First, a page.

After legalization: What will happen if you cross the U.S. border with cannabis?

A nugget of cannabis. Photo from Getty Images

Under Bill C-45, the legislation that will legalize and regulate cannabis nationwide this July, travellers to Canada will still face hefty penalties for crossing the border with it.

Once the Cannabis Act comes into force, people caught trying to import or export cannabis could face up to 14 years in jail if caught. The bill also specifically mentions that it is illegal to possess marijuana for export purposes.

A series of factors affects the government’s stance toward cannabis as Canada inevitably marches to legalization day on July 1, 2018. “It’s a very practical approach to the legalization of cannabis,” says Joel Sandaluk, a Toronto-based immigration lawyer. “It’s not going to be just legalized. It will be regulated.”

The regulatory regime that Canada has adopted calls for a total ban on the importing or exporting of cannabis, unless authorized by the government. Think of it as similar to the way Canada has strict rules on the importing of dairy or the ban on interstate alcohol sales. The key difference though is that the American government classifies marijuana as a Schedule I drug, in the same category as heroin. Given Canada’s only land borders are with the U.S., it would make sense to not approve the export of marijuana as it would undoubtedly go south of the border.

“There’s an incredibly complex regulatory and statutory scheme that has to be created in order to govern how products are imported, exported, how they’re sold, how they’re manufactured from within Canada,” says Sandaluk. “A lot of times, we don’t think about it in those terms.”

Nevertheless, NDP health critic Don Davies has criticized the federal government for failing to reach an agreement with their American counterparts to not ban Canadians from entering the U.S. once cannabis becomes legal across the country in July 2018. He predicated that “hundreds of thousands of Canadians denied entry to the United States because they admitted to using cannabis,” highlighting the zero-tolerance policy American customs agents have when it comes to marijuana.

Adding to the cautiousness of the government is the fact that it has never regulated cannabis before, so important lessons on the unintended effects of legalization will only be learned once it has happened. The hope among cannabis advocates is that the provinces will modify their laws as the effects of legalization are seen.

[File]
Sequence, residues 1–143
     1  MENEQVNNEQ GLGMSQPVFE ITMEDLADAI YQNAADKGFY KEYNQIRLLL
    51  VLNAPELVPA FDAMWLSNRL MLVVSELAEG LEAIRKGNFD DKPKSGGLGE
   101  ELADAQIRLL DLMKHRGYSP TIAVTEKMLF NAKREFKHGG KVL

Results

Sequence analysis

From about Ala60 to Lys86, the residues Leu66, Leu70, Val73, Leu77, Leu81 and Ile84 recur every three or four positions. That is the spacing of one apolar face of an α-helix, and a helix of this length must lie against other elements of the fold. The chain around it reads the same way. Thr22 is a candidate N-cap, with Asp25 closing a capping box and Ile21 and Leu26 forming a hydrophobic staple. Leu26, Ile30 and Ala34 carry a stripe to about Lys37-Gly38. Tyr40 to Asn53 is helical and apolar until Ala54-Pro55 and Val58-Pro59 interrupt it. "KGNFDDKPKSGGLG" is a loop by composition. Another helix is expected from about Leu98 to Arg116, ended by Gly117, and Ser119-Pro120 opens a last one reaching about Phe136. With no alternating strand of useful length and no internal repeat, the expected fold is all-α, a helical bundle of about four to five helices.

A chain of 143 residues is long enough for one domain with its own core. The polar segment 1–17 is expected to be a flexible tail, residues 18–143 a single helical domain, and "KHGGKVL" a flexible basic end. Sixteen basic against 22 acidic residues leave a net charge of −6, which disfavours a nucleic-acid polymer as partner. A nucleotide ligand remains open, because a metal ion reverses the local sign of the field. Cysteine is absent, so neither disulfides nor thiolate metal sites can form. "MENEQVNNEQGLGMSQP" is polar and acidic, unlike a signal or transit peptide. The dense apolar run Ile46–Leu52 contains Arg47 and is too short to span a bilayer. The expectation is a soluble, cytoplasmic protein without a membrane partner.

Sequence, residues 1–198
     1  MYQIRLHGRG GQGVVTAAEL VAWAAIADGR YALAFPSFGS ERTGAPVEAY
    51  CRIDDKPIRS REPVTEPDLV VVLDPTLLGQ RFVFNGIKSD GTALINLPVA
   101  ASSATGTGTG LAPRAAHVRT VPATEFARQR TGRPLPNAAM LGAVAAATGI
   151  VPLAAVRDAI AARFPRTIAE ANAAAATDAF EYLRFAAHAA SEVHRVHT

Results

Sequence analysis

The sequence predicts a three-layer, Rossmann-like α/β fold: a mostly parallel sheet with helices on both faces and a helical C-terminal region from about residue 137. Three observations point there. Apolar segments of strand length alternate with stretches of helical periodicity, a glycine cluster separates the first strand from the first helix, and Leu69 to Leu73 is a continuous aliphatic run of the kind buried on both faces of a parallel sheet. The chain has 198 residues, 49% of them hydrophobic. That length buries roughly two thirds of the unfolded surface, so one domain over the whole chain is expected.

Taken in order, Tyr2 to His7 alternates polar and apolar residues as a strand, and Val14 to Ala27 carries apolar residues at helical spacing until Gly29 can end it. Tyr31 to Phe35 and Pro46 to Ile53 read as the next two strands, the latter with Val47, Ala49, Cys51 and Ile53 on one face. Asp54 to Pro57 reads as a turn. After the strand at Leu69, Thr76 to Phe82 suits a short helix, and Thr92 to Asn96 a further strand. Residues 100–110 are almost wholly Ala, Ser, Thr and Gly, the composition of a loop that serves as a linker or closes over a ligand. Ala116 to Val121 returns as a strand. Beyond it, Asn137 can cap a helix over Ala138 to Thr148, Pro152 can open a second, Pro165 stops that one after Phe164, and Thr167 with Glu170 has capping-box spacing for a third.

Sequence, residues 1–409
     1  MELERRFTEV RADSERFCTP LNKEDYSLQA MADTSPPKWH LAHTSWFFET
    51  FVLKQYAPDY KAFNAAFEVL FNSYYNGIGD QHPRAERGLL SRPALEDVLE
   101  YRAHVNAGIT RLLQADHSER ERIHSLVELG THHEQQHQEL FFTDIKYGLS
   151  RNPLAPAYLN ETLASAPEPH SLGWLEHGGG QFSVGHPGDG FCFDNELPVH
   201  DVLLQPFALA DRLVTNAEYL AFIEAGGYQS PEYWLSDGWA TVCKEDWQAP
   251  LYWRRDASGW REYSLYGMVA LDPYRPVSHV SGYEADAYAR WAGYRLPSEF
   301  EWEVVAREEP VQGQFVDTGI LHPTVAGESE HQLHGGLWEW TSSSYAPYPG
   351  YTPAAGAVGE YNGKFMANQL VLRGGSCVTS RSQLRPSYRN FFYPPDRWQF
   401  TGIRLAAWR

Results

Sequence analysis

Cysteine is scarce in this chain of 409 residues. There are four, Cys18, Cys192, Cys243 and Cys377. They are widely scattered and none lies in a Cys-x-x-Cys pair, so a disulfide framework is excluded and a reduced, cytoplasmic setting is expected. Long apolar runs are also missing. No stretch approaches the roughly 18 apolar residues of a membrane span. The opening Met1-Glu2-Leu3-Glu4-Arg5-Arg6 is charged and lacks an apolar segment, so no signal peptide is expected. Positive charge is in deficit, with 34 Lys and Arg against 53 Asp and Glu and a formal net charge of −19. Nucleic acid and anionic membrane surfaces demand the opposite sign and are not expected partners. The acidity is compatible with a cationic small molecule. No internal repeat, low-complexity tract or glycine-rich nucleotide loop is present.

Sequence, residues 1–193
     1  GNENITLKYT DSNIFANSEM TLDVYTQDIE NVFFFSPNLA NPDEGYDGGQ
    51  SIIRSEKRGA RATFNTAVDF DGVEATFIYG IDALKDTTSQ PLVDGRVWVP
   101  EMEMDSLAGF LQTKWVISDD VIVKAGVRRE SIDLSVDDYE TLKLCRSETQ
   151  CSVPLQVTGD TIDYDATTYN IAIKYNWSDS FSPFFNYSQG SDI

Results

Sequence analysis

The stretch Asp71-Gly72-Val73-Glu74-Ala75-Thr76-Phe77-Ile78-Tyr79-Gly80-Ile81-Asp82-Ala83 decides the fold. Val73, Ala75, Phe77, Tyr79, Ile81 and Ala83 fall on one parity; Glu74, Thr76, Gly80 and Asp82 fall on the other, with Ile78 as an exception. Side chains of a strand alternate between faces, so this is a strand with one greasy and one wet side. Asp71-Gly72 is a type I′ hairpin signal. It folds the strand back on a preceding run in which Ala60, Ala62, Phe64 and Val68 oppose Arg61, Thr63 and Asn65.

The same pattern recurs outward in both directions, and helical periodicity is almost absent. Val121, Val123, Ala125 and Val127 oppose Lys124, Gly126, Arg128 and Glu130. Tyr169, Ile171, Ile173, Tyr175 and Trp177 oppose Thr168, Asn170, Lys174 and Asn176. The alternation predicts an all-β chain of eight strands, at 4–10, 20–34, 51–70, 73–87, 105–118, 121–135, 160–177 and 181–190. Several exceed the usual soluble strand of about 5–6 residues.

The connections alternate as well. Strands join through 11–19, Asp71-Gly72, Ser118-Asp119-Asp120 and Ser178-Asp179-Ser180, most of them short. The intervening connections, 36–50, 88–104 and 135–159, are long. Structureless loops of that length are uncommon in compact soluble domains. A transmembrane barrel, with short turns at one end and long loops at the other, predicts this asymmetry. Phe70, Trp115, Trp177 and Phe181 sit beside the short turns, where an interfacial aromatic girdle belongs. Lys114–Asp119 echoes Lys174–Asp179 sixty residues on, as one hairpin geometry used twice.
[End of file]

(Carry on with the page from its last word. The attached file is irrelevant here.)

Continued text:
However, changes to the punishment for importing or exporting cannabis are likely to stand for a long time. “Nothing about prohibition is reasonable, and I think crossing the border will probably be the last thing to go,” says Dana Larsen, a Vancouver-based cannabis activist and former editor of Cannabis Culture magazine.

There are also concerns about the rights medical marijuana users will have when crossing the border. Currently, Canadians can be barred from entering the U.S. if they even admit to having used marijuana in the past. And they aren’t allowed to carry it over the border even if they have a prescription for it.

“This will be a multi-year process not just in Canada but all around the world,” says Larsen. “Many countries are moving away from prohibition and towards better policies and that’s going to continue.”

For the time being though, being the first major industrialized nation to legalize cannabis federally comes with some benefits too. Canadian marijuana companies, some of the biggest in the world, are active in the marijuana industry Germany, Jamaica and Australia and have the added advantage of being based in a country where it will be recognized as legal at all levels of government. Corona beer owner Constellation Brands has already bought a 10 per cent stake in Canopy Growth Corporation, the world’s largest publicly traded cannabis company.

For advocates like Larsen, C-45 represents a promising starting point to one day erase the stigma officialdom places on cannabis. “I think that there’s tons of flaws in this legislation and I want to work to improve them” he says. “But at the same time with a yes or no vote on this law, I would absolutely vote yes to the Cannabis Act, despite all it’s flaws because we need to make some change so that we can make more change.”